Now the sun is laid to sleep,
Seated in thy silver chair,
    State in wonted manner keep;
            Heperus entreats thy light,
            Goddess, excellently bright.

Earth, let not they envious shade,
    Dare itself to interpose,
Cynthia’s shining orb was made
    Heaven to clear, when day did close:
            Bless us, then, with wished right,
            Goddess, excellently bright.

Lay thy bow of pearl apart,
    And thy crystal-shining quiver
Give unto the flying hart
    Space to breathe, how short soever;
            Thou, that makest a day of night,
            Goddess, excellently bright.

And here is something quaint and tough, for such as have not had enough: a Christmas carol, that was done in 16 hundred twenty 1: —


With the tune of Baw lula law.
(Angelus, ut opinor, loquitur.)

    I come from Hevin to tell,
The best Nowellis that ever befell:
To yow thir Tythinges trew I bring,
And I will of them say and sing.

    This Day to yow is borne ane Childe,
Of Marie meik ane Virgine mylde,
That blisset Barne bining and kynde
Sall yow rejoyce baith Heart and Mynd.
    My Saull and Lyfe stand up and see
Quha lyes in ane Cribe and Tree,
Quhat Babe is that so gude and faire?
It is Christ, God’s Sonne and Aire.

    O God that made all Creature,
How art thow becum so pure,
That on the Hay and Stray will lye,
Amang the Asses, Oxin, and Kye?

    O my deir Hert, zoung Jesus sweit,
Prepare thy Creddil in my Spreit,
And I sall rocke thee in my Hert,
And never mair from thee depart.

    But I sall praise thee ever moir
With Sangs sweit unto thy Gloir,
The Knees of my Hert sall I bow,
And sing that richt Balulalow.

And here are several hints to show, how Christmas customs first did grow, for as the holy fathers say, some Pagan tricks we Christians play, and prove that Yule and Christmas box, are not precisely orthodox, for so we quote and understand,


In the Primitive Church, Christmas-Day was always observed as the Lord‘s-Day was, and was in like Manner 180 preceded by an Eve or Vigil. Hence it is that our Church hath ordered an Eve before it, which is observed by the Religious, as a Day of Preparation for that great Festival.

Our Fore-Fathers, when the common Devotions of the Eve were over, and Night was come on, were wont to light up Candles of an uncommon Size, which were called Christmas-Candles, and to lay a Log of Wood upon the fire, which they termed a Yule-Clog or Christmas-Block. These were to Illuminate the House, and turn the Night into Day; which Custom, in some Measure, is still kept up in the Northern Parts.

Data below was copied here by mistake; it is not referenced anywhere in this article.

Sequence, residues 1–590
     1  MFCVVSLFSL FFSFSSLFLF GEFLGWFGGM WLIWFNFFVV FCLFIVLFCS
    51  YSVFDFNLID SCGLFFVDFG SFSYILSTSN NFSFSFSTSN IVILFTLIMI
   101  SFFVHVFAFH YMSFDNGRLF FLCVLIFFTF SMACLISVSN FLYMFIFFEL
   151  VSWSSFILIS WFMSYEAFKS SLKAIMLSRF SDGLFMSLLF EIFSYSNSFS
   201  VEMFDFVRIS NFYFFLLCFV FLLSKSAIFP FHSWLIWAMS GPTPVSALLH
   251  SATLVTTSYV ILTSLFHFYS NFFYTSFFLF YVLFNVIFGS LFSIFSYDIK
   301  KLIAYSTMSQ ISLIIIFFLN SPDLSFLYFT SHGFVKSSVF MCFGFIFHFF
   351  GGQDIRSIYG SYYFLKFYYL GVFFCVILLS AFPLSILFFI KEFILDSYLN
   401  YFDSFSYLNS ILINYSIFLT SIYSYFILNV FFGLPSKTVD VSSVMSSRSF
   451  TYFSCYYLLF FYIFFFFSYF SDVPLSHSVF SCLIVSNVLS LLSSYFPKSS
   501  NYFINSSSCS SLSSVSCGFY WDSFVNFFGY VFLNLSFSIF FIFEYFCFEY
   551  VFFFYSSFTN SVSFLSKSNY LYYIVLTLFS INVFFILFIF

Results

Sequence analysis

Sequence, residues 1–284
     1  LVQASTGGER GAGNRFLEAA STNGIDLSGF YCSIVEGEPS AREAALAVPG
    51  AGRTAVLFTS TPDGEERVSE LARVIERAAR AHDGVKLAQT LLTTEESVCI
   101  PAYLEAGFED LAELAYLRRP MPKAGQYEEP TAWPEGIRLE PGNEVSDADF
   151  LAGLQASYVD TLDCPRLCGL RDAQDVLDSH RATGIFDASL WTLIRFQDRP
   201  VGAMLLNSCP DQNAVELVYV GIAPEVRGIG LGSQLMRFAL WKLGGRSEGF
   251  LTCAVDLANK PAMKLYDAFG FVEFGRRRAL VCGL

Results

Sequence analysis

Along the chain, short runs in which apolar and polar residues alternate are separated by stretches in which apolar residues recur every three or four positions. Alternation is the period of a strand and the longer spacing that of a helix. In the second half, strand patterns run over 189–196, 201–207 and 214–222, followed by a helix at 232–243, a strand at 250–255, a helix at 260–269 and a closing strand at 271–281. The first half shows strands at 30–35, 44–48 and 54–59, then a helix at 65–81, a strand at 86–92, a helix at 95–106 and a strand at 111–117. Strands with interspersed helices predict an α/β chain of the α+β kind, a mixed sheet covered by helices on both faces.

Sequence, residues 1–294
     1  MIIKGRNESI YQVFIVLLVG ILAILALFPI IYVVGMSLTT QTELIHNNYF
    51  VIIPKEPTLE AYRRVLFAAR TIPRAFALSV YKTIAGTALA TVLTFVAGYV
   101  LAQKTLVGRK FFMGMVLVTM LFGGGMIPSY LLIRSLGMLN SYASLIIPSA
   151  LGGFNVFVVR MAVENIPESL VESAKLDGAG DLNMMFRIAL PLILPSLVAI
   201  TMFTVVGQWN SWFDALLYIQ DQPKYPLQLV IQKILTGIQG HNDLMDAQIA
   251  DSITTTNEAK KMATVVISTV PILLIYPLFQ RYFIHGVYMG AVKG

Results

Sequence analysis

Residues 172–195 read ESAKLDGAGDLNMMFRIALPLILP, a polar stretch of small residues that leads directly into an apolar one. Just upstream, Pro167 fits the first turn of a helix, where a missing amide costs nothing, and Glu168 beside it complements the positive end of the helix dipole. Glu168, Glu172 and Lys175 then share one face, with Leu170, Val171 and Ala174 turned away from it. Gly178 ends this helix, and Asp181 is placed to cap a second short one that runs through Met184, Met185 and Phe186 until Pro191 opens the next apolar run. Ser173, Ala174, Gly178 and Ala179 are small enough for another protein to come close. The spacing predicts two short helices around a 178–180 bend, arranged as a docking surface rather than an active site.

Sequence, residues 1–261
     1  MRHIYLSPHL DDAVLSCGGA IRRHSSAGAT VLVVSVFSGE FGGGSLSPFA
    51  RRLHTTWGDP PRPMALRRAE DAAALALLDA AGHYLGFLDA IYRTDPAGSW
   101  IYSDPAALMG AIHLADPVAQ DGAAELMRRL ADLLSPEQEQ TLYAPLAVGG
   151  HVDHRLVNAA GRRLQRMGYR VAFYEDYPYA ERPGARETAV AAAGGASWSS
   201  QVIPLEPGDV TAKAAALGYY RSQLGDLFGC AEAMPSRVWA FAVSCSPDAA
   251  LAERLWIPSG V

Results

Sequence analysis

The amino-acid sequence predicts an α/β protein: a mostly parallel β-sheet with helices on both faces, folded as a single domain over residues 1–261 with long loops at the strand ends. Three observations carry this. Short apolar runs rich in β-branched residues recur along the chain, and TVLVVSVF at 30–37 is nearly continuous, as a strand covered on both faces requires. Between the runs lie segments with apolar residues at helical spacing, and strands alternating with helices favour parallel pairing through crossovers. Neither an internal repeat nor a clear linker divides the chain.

The Apostles were the Light of the World; and as our Saviour was frequently called Light, so was his Coming into the World signified, and pointed out by the Emblems of Light: “It was then” (says our Countryman Gregory) “the longest Night in all the Year; and it was the midst of that, and yet there was Day where he was: For a glorious and betokening Light shined round about this Holy Child. So says Tradition, and so the Masters describe the Night Piece of the Nativity.” If this be called in Question, as being only Tradition, it is out of Dispute, that the light which illuminated the Fields of Bethlehem, and shone round about the Shepherds as they were watching their Flocks, was an Emblem of that Light, which was then come into the World. “What can be the Meaning,” says venerable Bede, “that this Apparition of Angels was surrounded with that heavenly Light, 181 which is a Thing we never meet with in all the Old Testament? For tho’ Angels have appeared to Prophets and holy Men, yet we never read of their Appearing in such Glory and Splendor before. It must surely be, because this Privilege was reserved for the Dignity of this Time. For when the true Light of the World, was born in the World, it was very proper that the Proclaimer of His Nativity, should appear in the Eyes of Men, in such an heavenly Light, as was before unseen in the World. And that supernatural Star, which was the Guide of the Eastern Magi, was a Figure of that Star, which was risen out of Jacob; of that Light which should lighten the Gentiles.” “God,” says Bishop Taylor, “sent a miraculous Star, to invite and lead them to a new and more glorious Light, the Light of Grace and Glory.”

In Imitation of this, as Gregory tells us, the Church went on with the Ceremony: And hence it was, that for the three or four First Centuries, the whole Eastern Church called the Day, which they observed for our Saviour’s Nativity, the Epiphany or Manifestation of the Light. And Cassian tells us, that it was a Custom in Egypt, handed down by Tradition, as soon as the Epiphany, or Day of Light was over, &c. Hence also came that ancient Custom of the same Church, taken Notice of by St. Jerome, of lighting up Candles at the Reading of the Gospel, even at Noon-Day; and that, not to drive away the Darkness, but to speak their Joy for the good Tidings of the Gospel, and be an Emblem of that Light, 182 which the Psalmist says, was a Lamp unto his Feet and a Light unto his Paths.